Haddad, a 25-year-old man, says his friends called him crazy when he told them he was going back to Syria, but when he arrived, he told them the crazy is the one who seeks refuge in Europe.
He says he couldn’t stay longer than five months in Austria, the country where he applied for asylum.
SOUNDBITE(ARABIC): SPEIRO HADDAD, Syrian Businessman
“My bad luck had me end up in a camp with refugees from Afghanistan, Yemen, Iran and Syria, and most of them looked at me in a strange way because of my tattoos and because I drink alcohol, something I wasn’t comfortable with. Before leaving Syria, I had a dream of living in Europe to fix my situation and because Europe has always been a dream, but when I got there, things weren’t as perfect as I had imagined. Small sum of money on monthly bases and the fact of being a refugee mean I am a second class human being, and I could remain so for a long time.”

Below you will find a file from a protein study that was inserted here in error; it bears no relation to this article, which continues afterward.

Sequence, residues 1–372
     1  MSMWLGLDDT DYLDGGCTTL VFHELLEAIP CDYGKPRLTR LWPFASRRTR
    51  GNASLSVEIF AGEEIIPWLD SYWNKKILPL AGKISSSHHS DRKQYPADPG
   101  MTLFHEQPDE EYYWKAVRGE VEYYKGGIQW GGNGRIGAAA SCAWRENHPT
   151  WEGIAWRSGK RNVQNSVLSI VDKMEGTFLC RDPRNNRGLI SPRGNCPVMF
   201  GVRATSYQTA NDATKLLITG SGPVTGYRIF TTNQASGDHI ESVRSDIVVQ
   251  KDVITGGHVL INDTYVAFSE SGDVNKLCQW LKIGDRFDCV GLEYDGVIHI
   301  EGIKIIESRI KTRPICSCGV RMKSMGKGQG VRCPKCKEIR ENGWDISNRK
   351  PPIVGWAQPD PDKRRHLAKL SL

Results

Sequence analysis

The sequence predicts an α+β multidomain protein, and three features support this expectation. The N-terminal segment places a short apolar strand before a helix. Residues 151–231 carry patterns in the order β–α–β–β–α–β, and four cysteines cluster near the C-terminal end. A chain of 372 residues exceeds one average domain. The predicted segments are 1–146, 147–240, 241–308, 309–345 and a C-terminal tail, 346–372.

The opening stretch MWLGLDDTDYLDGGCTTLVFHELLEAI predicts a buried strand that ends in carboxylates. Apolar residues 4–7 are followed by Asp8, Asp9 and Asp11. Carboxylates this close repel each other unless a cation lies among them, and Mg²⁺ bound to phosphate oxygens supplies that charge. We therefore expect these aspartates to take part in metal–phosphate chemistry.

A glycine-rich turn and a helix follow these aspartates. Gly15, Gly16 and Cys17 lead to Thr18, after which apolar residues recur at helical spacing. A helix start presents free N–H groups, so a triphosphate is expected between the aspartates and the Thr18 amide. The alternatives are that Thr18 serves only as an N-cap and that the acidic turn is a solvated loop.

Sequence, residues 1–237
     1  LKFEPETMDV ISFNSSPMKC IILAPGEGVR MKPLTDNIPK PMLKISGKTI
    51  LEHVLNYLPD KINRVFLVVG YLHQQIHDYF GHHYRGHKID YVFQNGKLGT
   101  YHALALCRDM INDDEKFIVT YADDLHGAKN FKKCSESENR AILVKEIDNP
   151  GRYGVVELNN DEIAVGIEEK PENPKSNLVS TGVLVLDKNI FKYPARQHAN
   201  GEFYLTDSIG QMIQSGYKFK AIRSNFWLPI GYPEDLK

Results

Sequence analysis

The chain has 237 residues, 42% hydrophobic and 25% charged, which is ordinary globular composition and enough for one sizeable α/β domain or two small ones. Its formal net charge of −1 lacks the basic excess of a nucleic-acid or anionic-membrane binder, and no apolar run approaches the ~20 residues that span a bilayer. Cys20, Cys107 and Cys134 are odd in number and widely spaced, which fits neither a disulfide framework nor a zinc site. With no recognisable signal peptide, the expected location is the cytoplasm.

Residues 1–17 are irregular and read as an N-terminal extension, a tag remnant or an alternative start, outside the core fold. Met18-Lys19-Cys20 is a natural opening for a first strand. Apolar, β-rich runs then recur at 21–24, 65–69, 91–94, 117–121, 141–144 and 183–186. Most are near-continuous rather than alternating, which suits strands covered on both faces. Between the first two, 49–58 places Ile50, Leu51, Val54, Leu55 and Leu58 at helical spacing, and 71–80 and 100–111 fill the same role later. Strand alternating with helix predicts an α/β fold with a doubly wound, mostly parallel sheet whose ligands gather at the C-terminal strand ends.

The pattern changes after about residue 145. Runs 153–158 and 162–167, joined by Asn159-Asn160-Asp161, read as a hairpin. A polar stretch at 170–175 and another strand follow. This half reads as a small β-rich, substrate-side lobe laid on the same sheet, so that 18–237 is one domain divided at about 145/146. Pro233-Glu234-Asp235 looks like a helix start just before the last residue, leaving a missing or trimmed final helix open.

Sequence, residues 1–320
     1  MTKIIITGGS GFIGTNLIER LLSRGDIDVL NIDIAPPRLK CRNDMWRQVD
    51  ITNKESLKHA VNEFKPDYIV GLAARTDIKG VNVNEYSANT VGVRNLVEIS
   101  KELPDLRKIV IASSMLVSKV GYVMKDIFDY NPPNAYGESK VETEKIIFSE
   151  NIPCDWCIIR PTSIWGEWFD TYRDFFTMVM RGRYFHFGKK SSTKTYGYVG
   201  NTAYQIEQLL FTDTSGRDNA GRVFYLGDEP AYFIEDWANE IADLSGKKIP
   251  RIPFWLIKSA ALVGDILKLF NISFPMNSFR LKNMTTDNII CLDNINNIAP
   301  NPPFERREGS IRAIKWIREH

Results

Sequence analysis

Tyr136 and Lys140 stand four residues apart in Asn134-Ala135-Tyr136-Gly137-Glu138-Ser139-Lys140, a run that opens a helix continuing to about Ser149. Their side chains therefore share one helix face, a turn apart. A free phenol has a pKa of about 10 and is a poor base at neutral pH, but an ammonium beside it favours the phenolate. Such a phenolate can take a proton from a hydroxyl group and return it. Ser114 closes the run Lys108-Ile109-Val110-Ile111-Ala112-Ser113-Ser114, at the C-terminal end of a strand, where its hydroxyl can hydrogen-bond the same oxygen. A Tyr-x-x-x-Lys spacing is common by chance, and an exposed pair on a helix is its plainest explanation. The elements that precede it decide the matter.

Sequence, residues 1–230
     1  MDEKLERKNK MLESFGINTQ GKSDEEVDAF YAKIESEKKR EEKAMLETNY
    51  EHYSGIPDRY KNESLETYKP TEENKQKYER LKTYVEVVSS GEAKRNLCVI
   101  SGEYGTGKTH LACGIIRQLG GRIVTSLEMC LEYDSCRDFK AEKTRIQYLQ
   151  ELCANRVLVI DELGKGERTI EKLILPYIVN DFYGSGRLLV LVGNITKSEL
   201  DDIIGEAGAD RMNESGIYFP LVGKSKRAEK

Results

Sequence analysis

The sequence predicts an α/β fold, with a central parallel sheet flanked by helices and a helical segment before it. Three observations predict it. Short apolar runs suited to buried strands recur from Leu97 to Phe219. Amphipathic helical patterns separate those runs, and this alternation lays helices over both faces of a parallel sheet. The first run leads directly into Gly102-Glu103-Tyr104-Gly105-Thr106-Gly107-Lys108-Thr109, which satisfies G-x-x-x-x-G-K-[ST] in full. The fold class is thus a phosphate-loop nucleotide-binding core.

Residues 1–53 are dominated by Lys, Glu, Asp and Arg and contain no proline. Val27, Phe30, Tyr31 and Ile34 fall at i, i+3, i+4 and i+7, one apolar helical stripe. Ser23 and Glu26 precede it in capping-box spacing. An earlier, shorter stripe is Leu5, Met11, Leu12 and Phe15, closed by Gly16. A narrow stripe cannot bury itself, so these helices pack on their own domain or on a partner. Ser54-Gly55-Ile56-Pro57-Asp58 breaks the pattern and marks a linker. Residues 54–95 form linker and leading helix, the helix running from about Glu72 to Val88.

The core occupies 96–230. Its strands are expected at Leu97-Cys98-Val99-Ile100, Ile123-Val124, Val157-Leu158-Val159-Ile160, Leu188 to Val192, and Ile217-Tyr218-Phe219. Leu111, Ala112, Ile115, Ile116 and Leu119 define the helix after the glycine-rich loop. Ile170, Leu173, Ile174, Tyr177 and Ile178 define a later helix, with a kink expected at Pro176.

He says that many of the Syrian refugees in Europe would want to return, if they had the chance, due to the relatively ill treatment they receive in the refugee camps there, not to mention the prolonged procedures for resettlement due to the large number of asylum seekers.
On the other side, people from inside Syria have started refraining from seeking refuge in Europe, after “hearing stories about the poor quality of life for refugees.”